Inflammation of the joints. A chronic progressive disease, it begins with pain and stiffness in the small joints of the hands and feet and spreads to involve other joints, often with severe disability and disfigurement. There may also be damage to the eyes, nervous system, and other organs. The disease is treated with a range of drugs and with surgery, possibly including replacement of major joints.
Rheumatoid arthritis most often develops between the ages of 30 and 40, and is three times more common in women than men. It is an autoimmune disease and thus some of the recently developed treatments involve drugs which deactivate those parts of the immune system responsible for tissue damage. In the West it affects 2–3% of women and nearly 1% of men. In children rheumatoid arthritis is known as Still's disease.
Symptoms Rheumatoid arthritis affects the whole body. Degeneration of the ‘collagen’ component of the fibrous connective tissues occurs. This degeneration is common to all connective tissue diseases. Rheumatoid arthritis usually starts slowly with general ill health, tiredness, anaemia, loss of weight, and painful stiffness. Occasionally onset may be sudden, with a raised temperature and joint pains resembling an acute infective arthritis or rheumatic fever. Next the small joints of the hands and feet become swollen and painful, then the larger joints become involved, sometimes even the spine. The pain and stiffness are worse in the mornings and after rest, easing after movement. Muscle wasting and general loss of weight follow. The flexor muscles retain greater power than the extensors, and their pull, unless corrected, causes flexion deformity of the joints. This, together with the swelling of the joints and the marked muscular wasting, gives the typical deformity of severe rheumatoid arthritis. The inflammatory process in rheumatoid arthritis starts in the synovial membrane of the affected joints and later spreads to the joint capsule, the adjoining tendons, and the joint cartilage. Fibrous tissue replaces normal tissue, resulting eventually in disorganization of the joint and sometimes complete ankylosis (fixation). The pain, particularly on attempted movement, is considerable. It is difficult to forecast the course of the disease. Remissions alternating with exacerbations occur. Pregnancy and jaundice inhibit its progress. About 50% of cases remain stationary for many years, while other cases become progressively worse. The mode of onset gives no indication of the subsequent progress of a case.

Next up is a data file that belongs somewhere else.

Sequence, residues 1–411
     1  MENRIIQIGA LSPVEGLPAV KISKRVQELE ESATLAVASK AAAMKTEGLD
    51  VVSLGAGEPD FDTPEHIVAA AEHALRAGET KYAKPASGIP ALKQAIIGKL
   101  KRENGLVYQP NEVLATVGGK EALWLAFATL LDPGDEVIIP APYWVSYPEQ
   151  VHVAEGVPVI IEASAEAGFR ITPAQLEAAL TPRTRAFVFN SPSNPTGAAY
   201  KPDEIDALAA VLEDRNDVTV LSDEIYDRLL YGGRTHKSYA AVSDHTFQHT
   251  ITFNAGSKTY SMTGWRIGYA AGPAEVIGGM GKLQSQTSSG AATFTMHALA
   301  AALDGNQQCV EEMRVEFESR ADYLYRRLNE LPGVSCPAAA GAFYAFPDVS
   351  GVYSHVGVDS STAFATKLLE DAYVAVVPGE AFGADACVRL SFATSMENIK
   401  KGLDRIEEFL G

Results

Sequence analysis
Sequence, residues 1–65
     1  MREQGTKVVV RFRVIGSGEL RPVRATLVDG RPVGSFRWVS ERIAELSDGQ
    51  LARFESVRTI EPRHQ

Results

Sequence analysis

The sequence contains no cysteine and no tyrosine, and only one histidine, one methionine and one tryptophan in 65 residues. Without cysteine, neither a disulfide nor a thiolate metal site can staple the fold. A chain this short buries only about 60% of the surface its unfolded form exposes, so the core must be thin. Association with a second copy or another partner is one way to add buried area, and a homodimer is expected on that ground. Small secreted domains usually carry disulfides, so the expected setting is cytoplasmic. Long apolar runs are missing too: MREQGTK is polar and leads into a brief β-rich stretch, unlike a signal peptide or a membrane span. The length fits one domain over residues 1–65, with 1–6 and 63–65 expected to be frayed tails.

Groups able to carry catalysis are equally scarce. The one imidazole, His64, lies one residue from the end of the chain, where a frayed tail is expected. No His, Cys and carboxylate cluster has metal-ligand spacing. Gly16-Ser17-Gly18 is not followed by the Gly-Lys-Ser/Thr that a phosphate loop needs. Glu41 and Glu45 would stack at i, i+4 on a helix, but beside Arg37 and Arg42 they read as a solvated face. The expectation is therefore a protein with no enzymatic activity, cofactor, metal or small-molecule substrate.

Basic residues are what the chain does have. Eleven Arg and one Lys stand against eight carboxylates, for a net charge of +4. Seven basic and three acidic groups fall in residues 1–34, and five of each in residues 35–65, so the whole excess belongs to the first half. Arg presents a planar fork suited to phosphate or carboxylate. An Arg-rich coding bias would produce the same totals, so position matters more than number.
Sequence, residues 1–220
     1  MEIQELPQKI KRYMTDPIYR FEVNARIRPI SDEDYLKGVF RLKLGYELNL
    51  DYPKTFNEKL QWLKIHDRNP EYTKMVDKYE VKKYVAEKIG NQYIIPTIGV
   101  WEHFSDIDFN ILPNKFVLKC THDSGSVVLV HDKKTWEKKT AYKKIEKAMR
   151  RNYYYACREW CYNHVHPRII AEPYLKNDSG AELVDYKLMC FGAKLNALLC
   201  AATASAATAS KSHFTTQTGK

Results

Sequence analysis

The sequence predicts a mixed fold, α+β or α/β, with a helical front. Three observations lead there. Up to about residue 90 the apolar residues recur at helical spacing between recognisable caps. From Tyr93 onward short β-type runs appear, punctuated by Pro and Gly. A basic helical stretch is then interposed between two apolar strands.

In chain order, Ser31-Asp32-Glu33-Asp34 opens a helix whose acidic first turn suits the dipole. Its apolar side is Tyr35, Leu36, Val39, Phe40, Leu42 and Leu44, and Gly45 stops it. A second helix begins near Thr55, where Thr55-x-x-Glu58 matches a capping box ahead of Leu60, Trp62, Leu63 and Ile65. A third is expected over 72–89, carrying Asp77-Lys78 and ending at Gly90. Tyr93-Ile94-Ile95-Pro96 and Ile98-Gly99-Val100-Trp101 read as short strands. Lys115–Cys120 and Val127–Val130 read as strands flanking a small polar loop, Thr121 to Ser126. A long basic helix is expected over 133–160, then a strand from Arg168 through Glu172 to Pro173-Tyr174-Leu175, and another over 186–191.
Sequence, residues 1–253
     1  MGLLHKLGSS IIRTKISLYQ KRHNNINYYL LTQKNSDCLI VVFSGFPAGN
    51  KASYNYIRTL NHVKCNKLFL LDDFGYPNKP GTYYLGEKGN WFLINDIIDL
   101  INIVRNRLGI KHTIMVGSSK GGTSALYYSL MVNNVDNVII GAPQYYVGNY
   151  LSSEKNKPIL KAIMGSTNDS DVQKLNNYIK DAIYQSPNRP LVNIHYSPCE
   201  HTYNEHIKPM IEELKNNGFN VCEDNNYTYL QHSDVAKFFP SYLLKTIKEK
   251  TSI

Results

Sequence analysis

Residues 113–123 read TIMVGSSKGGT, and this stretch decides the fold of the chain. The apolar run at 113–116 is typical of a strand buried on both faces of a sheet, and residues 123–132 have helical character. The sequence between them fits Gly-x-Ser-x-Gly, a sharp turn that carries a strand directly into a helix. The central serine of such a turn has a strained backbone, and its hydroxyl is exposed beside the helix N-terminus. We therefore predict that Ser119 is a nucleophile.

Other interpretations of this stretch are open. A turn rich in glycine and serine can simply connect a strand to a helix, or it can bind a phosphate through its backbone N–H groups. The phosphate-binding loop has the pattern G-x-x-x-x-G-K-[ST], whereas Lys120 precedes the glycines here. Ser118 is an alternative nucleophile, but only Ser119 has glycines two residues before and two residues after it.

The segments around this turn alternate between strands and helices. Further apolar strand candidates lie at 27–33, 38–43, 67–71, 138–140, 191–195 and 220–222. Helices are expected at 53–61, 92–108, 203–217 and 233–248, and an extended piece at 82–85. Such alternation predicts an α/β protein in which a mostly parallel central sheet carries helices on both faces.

Treatment Rheumatoid arthritis cannot be cured but various treatments exist to alleviate the symptoms. Treatment may consist of rest and in preventing, by splinting and other means, the development of deformities. Physiotherapy encourages active and passive movements and generally maintains muscle tone. It is essential to build up the general and psychological condition of the patient.
Cortisone and other steroids, such as prednisone, have proved of benefit in relieving acute cases, and it is a great help to the patient's morale to be free for a time from distress. Steroid therapy may also be valuable in tiding a patient over an exacerbation of the disease. The use of these drugs is, however, contra-indicated in certain conditions such as heart failure, diabetes, high blood pressure, renal disease, and tuberculosis, and they must always be given with caution.
Analgesics (pain-killing drugs) and anti-inflammatory drugs help to relieve the symptoms. While aspirin remains the most widely used analgesic, anti-inflammatory drugs such as phenylbutazone, indomethacin, and ibuprofen also have their place, and may bring considerable relief from pain.
A group of unrelated antirheumatic drugs are used to slow down progression of the disease. These include the substances methotrexate, cyclosporine A, D-penicillamine, and several TNF inhibitors.
At a late stage in rheumatoid arthritis the joint changes often progress to those of arthroplasty), causing further disability. In recent years the use of total joint replacements (see arthroplasty) in the hand, hip, and knee in particular, has meant that many people with rheumatoid arthritis have been able to maintain some degree of pain-free mobility.
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